What if God is female?
Honestly, who would have thought so much complexity could arise from referring to God as he? God transcends gender. There is a theological function and biblical context in the use of gendered language. The Godhead (Trinity) is the basis for reconstructed use of gendered language. Biblically, God is portrayed as Father and by the masculine pronouns. One might contest this hermeneutically (which was addressed earlier in this discussion). One may contend that masculine language for God emanates from a male-dominated biblical culture. Nevertheless, there is a redemptive hermeneutic (interpretation) in this biblical language and it should not be ignored.
In reality, God’s fatherly depiction (when understood properly) is meant to present an alternative image of what a father should be. It is not the distorted portrait of a father that has already been discussed. God the Father is loving, forgiving, just, redeeming, and gracious. God is the father to the fatherless (Ps. 68.1-10). God steps in as the surrogate father to the abused and abandoned. Redemption is the champion argument in favor of God as father. One is redeemed in Christ’s work of the cross (death and resurrection). This is the promise of God.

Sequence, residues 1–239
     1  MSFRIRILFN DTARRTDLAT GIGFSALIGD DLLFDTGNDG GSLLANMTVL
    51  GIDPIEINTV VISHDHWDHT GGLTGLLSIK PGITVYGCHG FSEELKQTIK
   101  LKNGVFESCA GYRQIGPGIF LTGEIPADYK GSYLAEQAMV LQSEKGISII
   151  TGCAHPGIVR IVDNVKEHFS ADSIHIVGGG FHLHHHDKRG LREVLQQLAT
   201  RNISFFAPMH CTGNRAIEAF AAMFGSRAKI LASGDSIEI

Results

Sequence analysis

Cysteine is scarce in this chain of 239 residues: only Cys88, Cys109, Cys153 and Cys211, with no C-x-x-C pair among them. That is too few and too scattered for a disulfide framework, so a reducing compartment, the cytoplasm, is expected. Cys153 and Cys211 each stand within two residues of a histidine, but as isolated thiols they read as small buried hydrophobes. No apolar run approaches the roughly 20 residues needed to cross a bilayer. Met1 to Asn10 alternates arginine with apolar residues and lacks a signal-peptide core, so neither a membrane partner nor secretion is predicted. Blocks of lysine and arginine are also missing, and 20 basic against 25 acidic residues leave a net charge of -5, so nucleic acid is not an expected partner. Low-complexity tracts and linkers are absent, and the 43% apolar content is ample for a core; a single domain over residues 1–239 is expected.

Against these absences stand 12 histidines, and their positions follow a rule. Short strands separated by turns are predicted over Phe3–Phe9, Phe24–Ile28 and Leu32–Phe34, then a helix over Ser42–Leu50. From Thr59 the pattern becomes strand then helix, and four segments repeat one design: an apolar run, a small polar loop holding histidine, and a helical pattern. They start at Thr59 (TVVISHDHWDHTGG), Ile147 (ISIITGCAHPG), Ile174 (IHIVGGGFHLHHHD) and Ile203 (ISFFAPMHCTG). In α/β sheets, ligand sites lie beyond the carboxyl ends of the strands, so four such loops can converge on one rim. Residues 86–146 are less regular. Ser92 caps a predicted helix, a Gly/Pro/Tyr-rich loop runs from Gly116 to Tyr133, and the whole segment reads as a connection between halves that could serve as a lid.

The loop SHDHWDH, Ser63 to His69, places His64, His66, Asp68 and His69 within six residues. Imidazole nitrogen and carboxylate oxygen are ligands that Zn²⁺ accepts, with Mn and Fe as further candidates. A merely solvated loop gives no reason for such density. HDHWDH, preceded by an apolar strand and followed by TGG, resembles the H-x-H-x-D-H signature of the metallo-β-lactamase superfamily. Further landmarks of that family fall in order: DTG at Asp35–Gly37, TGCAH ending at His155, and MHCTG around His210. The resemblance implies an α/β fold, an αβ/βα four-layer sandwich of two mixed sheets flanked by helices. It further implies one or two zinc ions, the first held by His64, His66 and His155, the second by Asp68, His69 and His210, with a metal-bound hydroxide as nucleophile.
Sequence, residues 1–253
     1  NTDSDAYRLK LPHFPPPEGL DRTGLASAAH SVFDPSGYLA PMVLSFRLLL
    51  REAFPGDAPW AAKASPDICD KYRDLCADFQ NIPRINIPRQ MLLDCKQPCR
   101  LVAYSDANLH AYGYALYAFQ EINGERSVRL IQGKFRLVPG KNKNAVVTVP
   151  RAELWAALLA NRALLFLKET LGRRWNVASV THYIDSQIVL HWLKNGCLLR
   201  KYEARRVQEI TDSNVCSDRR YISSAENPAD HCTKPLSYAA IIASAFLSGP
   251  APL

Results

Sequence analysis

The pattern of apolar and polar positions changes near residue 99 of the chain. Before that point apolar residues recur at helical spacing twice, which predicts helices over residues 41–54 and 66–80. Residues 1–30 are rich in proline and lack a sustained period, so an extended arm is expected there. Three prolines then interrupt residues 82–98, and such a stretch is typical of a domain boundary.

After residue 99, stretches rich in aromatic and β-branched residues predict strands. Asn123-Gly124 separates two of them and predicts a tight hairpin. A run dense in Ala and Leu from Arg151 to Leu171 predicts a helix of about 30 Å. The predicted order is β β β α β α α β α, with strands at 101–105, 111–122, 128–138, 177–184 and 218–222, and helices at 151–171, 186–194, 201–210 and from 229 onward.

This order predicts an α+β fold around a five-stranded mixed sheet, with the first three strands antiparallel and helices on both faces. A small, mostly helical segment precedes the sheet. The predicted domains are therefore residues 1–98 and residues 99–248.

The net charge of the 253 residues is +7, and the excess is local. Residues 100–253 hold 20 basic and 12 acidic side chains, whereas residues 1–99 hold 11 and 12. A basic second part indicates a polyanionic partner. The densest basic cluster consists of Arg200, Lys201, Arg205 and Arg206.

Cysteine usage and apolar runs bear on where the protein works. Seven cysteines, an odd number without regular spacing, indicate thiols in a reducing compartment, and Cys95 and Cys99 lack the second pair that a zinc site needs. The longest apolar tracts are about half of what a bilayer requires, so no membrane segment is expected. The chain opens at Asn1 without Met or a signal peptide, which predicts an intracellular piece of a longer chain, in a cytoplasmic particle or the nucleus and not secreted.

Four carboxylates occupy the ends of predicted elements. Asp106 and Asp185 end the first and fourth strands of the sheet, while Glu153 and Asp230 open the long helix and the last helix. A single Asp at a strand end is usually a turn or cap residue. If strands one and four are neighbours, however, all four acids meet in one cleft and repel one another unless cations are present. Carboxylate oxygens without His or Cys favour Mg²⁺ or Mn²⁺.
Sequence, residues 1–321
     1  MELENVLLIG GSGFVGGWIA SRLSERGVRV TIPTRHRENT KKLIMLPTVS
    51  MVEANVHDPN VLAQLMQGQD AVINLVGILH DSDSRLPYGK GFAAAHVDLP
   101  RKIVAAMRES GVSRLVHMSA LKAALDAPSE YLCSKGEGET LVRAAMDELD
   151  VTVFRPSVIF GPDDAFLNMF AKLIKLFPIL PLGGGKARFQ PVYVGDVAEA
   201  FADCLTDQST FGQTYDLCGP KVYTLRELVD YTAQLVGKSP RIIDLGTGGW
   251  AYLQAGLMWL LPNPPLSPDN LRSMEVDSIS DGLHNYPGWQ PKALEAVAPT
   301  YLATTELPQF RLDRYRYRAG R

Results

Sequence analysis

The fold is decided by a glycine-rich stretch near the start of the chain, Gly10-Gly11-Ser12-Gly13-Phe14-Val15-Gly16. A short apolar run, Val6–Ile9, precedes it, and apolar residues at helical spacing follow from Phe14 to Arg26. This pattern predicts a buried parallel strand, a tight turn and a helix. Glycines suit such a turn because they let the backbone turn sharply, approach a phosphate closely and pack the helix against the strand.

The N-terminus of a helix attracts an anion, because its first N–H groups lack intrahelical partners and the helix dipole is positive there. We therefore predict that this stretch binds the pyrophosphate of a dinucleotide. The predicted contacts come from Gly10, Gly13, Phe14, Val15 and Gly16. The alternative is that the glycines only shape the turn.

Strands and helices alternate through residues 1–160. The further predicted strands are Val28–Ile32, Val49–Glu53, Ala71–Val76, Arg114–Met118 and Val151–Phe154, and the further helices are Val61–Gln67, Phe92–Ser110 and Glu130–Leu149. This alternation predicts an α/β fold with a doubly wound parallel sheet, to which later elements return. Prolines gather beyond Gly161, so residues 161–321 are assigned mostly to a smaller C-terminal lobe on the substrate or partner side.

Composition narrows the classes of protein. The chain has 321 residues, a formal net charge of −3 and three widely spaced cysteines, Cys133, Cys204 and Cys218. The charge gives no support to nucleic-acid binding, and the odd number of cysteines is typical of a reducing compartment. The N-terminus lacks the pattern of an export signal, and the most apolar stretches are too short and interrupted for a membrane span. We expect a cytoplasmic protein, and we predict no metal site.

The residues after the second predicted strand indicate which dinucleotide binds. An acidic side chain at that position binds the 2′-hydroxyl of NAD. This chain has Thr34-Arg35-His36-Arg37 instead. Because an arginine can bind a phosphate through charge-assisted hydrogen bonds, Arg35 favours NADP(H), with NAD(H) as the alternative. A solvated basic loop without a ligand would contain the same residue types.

As the divine, God transcends gender, but it is evident that language is important. What if God is omnigender? What if God is female and male? The Godhead is three persons and one God. The Holy Spirit takes on two forms in biblical language, feminine (Hebrew) and neuter (Greek). But, linguistic gender (he, she, masculine, feminine, and gendered language) and physiological gender (whether one perceives God as a male or female being) are different matters. These distinct definitions have, unequally, influenced the interpretation of divine gender issues.
The discussion continues, “The Gender of God: What if God is Female?”(Part 4 of 4).